Seven Samurai

“The victory belongs to the peasants, not to us.”

The heroes in Akira Kurosawa’s landmark action film are battle-hardened warriors now roaming the countryside as rōnin — samurai without a master to call their own.

That’s part of the reason they come to fight to protect a village against the bandits plundering their crops.

But there’s something bigger at play for these men, who realize deep down in their souls, that most of them won’t survive the siege.

They fight because it’s the only path they know, and the only way they have left to live a life of honor.



Have sword, will annihilate.

In the later Clint Eastwood spaghetti westerns based on this Japanese samurai film, the human killing machine could do his work from a distance, thanks to the power of guns.

Here, Toshiro Mifune, one of the great bad-ass warriors in cinema history, has to get in close to let his blade do its full damage.

Slicing ‘n dicing, twirling ‘n whirling, his rōnin is a hack-happy avenging angel, out to wash the stench of evil warlords from the land. One body at a time.

Hugely influential, it continues to inspire action films to this day.



One legend adapting another.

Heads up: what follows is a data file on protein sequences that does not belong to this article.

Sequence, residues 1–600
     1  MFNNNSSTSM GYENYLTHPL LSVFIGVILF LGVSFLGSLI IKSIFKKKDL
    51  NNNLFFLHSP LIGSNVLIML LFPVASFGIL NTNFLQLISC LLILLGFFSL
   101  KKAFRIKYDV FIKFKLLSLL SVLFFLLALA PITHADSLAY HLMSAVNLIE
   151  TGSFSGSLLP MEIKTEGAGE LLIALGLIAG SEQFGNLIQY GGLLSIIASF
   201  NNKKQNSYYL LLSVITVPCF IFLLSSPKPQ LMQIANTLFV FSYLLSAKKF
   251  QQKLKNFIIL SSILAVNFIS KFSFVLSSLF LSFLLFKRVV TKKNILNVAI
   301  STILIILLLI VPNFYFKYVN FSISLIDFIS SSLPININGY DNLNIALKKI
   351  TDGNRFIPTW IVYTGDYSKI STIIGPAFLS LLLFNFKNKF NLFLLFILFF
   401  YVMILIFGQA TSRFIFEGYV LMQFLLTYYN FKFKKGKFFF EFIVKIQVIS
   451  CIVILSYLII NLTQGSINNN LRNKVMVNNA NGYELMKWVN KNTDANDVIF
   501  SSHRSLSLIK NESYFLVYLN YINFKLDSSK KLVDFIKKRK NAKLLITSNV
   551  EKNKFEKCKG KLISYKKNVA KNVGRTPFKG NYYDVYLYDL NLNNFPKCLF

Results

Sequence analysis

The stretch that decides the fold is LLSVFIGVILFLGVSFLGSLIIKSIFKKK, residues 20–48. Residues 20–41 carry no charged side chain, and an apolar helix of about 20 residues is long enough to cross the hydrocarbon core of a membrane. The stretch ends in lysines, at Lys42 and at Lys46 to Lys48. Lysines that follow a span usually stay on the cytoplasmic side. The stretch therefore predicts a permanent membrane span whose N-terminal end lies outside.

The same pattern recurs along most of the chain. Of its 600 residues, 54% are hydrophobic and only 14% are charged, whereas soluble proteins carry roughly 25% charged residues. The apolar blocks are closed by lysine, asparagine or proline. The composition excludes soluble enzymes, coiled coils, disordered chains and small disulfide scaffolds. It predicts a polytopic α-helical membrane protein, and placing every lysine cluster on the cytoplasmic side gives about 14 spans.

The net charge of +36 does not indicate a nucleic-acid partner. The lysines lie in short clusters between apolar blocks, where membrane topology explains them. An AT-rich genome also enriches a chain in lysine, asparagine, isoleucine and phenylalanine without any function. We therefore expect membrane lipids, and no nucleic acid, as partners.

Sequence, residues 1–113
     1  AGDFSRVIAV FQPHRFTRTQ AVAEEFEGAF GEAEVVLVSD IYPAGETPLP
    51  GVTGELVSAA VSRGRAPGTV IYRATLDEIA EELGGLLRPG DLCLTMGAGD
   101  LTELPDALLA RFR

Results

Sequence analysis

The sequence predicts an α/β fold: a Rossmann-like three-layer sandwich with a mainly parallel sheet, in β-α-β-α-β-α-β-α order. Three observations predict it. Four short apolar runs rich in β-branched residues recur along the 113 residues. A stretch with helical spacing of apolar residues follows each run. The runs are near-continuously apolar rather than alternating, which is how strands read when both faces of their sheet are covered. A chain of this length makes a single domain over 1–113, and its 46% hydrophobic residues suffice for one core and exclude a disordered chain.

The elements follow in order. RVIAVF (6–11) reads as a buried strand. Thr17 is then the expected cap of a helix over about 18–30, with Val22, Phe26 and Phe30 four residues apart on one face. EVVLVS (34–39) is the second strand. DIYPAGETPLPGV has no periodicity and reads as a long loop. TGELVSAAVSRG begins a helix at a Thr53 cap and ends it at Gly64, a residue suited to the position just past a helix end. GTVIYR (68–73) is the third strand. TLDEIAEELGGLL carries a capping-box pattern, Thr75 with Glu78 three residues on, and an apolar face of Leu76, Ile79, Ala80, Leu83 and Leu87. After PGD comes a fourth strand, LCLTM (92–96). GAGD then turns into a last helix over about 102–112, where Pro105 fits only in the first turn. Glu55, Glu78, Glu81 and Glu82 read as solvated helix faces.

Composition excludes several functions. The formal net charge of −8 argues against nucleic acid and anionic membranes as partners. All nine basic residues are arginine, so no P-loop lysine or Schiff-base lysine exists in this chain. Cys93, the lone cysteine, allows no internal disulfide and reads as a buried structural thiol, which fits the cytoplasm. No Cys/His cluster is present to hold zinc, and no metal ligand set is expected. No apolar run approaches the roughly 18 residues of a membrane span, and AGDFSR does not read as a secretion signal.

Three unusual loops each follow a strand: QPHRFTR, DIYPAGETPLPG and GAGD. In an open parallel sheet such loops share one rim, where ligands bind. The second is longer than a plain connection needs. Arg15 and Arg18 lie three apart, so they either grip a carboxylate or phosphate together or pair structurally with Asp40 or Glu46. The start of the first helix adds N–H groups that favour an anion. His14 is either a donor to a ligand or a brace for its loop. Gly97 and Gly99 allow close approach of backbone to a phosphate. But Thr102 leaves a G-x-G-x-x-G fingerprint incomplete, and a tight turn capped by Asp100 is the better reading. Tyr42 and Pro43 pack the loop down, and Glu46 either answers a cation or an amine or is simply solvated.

Using Shakespeare’s King Lear as a jumping-off point, Japanese director Akira Kurosawa, going full-tilt at age 75, delivers a film of staggering power and beauty.

His tale concerns a fading warlord who tries to split his wealth and power among his three sons, only to have everything go to Hell in a handbasket.

Instead of the unity he’s seeking to enforce, the old man — who rose to power through his own feats of brute strength — finds his kingdom destroyed by greed, violence, and destruction.

A haunting late-in-life masterpiece, this one roars with fire and passion.


The Magnificent Seven (1960)

“You’re like the wind, blowing over the land and passing on…”

Death hangs heavy over this classic Old West tale, which replaces samurai with gunslingers and knife-throwers.

The men who ride into immortality protecting farmers from bandits are rough, violent dudes of few words — warriors redeemed by one act of courage and sacrifice.

All seven of the “good guys,” from Steve McQueen down to Brad Dexter, have died in real life in the years since director John Sturges had them saddle up.

But, like the characters they played, they live on forever in the movie theaters of our minds.


Stray Dog

Throw ’em the curveball.

Acclaimed Japanese director Akira Kurosawa, known for epic, battle-filled tales of samurai, chose a new path with this much-more intimate story of two cops walking a lonely beat.

The younger of the pair, played by Toshiro Mifune, loses his gun to a pickpocket, setting up a race against time to retrieve the weapon before it’s used in a series of crimes.

A gritty homage to the kind of film noir American directors had popularized, this sizzles and pops as our heroes swelter in a heat wave.

Proof old dogs, or revered directors, can learn new tricks.